When Apple announced the Apple Watch Series 4 last September, the spotlight was on its exciting new health features, namely, an FDA-approved electrocardiogram sensor, aka "ECG." By simply touching the watch's Digital Crown, users could measure their heart rhythms and even pick up on atrial fibrillation (AFib), a heart abnormality that causes an irregular heartbeat.
It was groundbreaking technology, especially for the millions of people who have AFib in the United States, but the announcement left some people with questions: Is the watch presenting too much complicated information? Do you really need to have an ECG in your watch? And will having this sensor cause a lot of undue anxiety for people?
Anxiety is something that Apple thinks about a lot, says Sumbul Desai, MD, vice president of health at Apple, at a Today at Apple event in Brooklyn. "Anxiety comes from not knowing," she says. "If you have the education, information, understanding, and context of what that information means, and potentially what you can do about it, I think that really diminishes anxiety." That's one reason why the ECG app includes such detailed instructions and warnings before you try it. But the bottom line is that "we don’t surface data that we don’t think is actionable," she says.
As an Apple Watch-wearer and person who has some health concerns, I've personally played around with the ECG feature just because I'm curious — and it's kind of fun. Dr. Desai says that's not really the point: "As a physician, we don’t ever want you testing unnecessarily, so we definitely don’t want you just taking your ECG all day, because thats not what you're supposed to do," she says.
So, what is the fancy heart feature for? In honor of American Heart Month, we've answered a few questions you may have about how the Apple Watch's heart features fit into your own healthy lifestyle:
What do millennial women actually need to know about their heart health?
Besides knowing your family health history and own personal risk factors, Dr. Desai says young people should understand that their health today impacts health later on in life. Millennials should care about — or at least engage in — healthy habits that will ultimately lead to good heart health, meaning, eating well, exercising, and focusing on your overall mental health and stress, she says. "For those who have heart problems later in life, I can’t tell you how frequently I hear from patients who say, I wish I had done that differently a number of years ago."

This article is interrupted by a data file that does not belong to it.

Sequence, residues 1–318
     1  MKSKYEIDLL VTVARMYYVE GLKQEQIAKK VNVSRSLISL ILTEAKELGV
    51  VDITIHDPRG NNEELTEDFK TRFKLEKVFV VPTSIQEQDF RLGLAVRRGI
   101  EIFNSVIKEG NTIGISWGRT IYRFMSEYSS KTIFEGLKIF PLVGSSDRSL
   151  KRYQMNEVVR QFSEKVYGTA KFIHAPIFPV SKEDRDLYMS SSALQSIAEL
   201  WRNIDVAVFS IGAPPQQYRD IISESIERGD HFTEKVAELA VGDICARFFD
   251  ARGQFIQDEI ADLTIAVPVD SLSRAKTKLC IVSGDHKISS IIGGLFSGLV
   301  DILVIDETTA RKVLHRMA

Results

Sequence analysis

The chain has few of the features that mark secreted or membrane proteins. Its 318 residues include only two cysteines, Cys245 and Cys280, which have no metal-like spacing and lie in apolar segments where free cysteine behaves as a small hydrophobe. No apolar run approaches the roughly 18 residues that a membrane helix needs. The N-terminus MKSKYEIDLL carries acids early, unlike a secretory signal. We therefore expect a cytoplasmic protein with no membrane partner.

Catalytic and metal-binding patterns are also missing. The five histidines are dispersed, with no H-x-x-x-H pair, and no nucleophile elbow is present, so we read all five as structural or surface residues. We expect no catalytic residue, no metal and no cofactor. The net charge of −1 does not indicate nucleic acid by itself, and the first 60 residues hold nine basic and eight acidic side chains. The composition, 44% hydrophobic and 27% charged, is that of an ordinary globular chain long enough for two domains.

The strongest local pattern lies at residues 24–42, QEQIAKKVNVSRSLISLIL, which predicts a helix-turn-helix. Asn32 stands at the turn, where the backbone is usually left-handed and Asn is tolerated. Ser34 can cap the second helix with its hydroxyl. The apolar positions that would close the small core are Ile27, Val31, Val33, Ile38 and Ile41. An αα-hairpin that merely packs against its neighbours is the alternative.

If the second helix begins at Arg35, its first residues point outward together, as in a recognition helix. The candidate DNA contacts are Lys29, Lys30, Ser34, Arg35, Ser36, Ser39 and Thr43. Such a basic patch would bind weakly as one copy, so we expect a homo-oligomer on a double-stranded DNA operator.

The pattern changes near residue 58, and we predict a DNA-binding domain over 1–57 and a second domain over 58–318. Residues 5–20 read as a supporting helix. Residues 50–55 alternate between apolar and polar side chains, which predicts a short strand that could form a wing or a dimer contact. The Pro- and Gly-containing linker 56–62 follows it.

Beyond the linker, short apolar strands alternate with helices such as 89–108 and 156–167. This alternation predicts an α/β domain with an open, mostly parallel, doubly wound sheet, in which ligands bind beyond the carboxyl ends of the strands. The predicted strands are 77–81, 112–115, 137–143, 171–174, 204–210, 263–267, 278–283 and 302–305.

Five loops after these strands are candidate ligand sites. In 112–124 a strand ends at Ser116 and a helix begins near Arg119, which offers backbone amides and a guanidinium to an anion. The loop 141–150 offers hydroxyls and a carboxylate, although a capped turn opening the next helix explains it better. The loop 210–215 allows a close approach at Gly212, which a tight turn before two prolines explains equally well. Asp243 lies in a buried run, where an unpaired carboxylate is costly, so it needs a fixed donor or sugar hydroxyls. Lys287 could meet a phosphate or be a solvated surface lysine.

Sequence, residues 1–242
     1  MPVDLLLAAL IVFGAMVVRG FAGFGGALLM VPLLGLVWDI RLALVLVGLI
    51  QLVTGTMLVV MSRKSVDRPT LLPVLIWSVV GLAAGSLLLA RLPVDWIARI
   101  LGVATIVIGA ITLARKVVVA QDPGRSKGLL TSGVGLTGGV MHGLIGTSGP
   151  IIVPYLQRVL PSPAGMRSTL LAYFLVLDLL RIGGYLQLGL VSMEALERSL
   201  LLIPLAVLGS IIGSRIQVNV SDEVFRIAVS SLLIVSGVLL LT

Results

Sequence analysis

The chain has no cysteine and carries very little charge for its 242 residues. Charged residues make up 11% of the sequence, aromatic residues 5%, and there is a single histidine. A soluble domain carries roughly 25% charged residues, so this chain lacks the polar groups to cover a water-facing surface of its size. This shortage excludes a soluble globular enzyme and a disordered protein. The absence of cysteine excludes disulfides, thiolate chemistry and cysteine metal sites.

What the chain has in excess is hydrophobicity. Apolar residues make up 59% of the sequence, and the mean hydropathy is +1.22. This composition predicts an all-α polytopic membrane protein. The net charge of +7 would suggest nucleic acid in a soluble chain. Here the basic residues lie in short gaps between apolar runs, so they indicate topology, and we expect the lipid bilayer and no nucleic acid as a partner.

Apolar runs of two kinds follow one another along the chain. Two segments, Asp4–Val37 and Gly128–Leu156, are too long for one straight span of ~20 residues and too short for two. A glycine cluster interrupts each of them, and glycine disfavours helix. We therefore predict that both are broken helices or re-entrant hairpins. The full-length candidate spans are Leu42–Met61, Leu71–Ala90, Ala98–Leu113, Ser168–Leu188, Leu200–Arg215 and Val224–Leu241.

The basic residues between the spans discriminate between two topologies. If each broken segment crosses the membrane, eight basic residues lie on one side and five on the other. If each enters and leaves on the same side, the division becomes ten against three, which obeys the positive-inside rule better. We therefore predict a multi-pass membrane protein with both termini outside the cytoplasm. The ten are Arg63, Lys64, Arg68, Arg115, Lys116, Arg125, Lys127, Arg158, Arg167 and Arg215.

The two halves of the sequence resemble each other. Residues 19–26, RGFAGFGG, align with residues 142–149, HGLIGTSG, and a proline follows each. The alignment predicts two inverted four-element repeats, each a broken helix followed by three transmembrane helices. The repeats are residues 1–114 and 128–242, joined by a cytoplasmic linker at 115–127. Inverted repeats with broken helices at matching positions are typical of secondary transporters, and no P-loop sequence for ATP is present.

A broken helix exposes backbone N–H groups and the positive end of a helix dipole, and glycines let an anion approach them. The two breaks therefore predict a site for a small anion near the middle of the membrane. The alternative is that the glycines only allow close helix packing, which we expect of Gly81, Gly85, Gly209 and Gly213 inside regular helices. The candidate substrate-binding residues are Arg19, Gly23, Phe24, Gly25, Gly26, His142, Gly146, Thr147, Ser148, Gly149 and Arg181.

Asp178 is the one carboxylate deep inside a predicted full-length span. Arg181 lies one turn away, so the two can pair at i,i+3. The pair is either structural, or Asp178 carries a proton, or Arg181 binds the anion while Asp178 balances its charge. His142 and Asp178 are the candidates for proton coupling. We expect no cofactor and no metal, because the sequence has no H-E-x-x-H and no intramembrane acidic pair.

What is an ECG measuring, exactly?
The heart has its own "electrical system," just like a house, that controls its rhythm, John Rumsfeld, MD, PhD, chief innovation officer for the American College of Cardiology, with a focus on digital health, explained at the Apple event. "Normally, it’s a slow, steady beat, like a rock beat," he said. But for people with AFib, which is an irregular rapid beat of the heart, it's as if your "heart's electrical system went into free form jazz," he said. This is dangerous, because AFib usually is asymptomatic, meaning you can't feel it happening, and it can lead to a stroke or in some cases, heart failure.
Scary? For sure. According to the Centers for Disease Control (CDC), an estimated 2.7 to 6.1 million people in the United States have AFib, but only 2% of people younger than age 65 have AFib. Someone who experiences AFib and wears an Apple Watch (with the irregular heartbeat notifications turned on) could theoretically detect when they're in AFib, and then take that data to their doctors. "This is just meant to be a way to capture that information in that moment, so that you can go in and have a conversation with a doctor to understand what was going on," Dr. Desai says. "We don’t want people to diagnose off of it. We don’t think it’s the full picture of your heart, it's just a subset of what's going on in your heart."
How would someone use this information during a doctor's appointment?
The reality of the healthcare system is that not every doctor and clinician is up-to-speed on the latest trackers or technology, so they might not be totally perceptive to your Apple Watch data. "Medicine's going to need to catch up, because we're not there right now," Harlan Krumholz, MD, cardiologist and health care researcher at Yale University and Yale-New Haven Hospital said at the Apple event. But, he's hopeful that other doctors are opening up to the idea: "The discussions now are ongoing, because people are realizing there's real value in the data patients are generating."
If nothing else, your Apple Watch could be a way to facilitate a conversation with your doctor about what your current lifestyle is like outside of what you divulge to your doctor in the appointment. "[A doctor's visit] doesn’t enable us to really have a picture of what your life is like, or what's going on with you," Dr. Krumholz said. "These sensors, watches, and other devices that are going to be developed will enable us to have a fuller picture."